Wednesday, September 1, 2010

Titanium and Campagnolo

Titanium frames and components are commonplace today, but just a few decades ago they were quite rare and very expensive. Campagnolo was one of the first component makers to use titanium, eager to exploit the metal's high strength-to-weight ratio. The Super Record rear derailleur moved on titanium pivots, and the company offered pedals (SL) with a titanium axle.

One other item, a titanium bottom bracket spindle, was also offered, but as the excerpt from a recent VeloNews article on Laurent Fignon shows, the material was not always the right choice:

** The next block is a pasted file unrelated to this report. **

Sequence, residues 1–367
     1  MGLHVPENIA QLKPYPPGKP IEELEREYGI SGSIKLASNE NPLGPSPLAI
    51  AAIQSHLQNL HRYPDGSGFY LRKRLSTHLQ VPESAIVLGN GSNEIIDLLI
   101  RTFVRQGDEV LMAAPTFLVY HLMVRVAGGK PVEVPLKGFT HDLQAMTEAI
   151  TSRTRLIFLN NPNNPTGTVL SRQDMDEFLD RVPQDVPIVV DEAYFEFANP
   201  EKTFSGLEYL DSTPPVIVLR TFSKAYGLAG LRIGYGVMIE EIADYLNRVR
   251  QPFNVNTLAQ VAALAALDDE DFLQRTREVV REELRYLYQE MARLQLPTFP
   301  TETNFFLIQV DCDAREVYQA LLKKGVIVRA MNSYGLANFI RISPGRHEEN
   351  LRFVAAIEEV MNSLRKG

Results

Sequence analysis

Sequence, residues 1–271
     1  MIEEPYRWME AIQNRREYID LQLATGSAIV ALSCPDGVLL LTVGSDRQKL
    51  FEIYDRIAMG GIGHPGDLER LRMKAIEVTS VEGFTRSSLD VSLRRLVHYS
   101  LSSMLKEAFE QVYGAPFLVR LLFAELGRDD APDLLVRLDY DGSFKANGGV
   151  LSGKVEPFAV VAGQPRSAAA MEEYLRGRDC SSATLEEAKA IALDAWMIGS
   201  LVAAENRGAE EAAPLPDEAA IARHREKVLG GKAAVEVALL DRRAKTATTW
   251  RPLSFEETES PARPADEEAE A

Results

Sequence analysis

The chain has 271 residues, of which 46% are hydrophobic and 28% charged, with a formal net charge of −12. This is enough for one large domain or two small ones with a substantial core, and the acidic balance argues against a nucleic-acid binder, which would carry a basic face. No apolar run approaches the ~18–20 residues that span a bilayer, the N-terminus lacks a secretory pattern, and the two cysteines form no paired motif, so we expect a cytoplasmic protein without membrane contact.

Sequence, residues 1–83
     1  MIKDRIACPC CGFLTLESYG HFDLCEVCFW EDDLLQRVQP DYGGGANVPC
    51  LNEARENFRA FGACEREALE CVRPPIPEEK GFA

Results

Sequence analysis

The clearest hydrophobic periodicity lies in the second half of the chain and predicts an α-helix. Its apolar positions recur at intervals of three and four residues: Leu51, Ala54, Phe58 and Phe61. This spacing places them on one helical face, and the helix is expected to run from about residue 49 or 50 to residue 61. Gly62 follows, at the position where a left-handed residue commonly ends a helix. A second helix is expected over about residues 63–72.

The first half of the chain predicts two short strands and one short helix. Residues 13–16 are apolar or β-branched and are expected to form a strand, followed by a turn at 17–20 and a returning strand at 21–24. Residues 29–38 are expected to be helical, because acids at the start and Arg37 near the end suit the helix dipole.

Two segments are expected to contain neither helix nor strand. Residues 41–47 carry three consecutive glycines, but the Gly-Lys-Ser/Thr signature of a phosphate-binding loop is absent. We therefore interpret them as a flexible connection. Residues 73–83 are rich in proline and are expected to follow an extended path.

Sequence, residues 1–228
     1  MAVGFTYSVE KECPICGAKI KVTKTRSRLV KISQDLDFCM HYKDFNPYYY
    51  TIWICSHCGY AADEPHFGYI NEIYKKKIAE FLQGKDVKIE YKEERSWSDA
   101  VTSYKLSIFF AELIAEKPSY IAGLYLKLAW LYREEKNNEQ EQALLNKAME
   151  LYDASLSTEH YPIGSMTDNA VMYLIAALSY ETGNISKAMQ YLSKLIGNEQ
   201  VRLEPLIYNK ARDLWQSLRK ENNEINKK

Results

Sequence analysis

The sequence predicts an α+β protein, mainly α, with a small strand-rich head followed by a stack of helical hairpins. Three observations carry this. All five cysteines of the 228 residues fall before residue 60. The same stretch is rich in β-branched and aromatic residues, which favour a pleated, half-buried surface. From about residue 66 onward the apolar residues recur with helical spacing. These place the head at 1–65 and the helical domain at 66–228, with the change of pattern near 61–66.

Knowing the roads well, Fignon made a strong solo break and he was seen by the television audience heading for victory when he suddenly fell. The crash was caused by the titanium axle on his Campagnolo Record chainset snapping in two — the “new” material was not used again for such a force-sensitive component.

One of the problems with Campagnolo's early titanium parts was that they were made of pure titanium, which can be brittle and break easily. Modern Ti parts and frames are made of titanium alloys which mix in other metals (such as aluminum and vanadium) to add strength.

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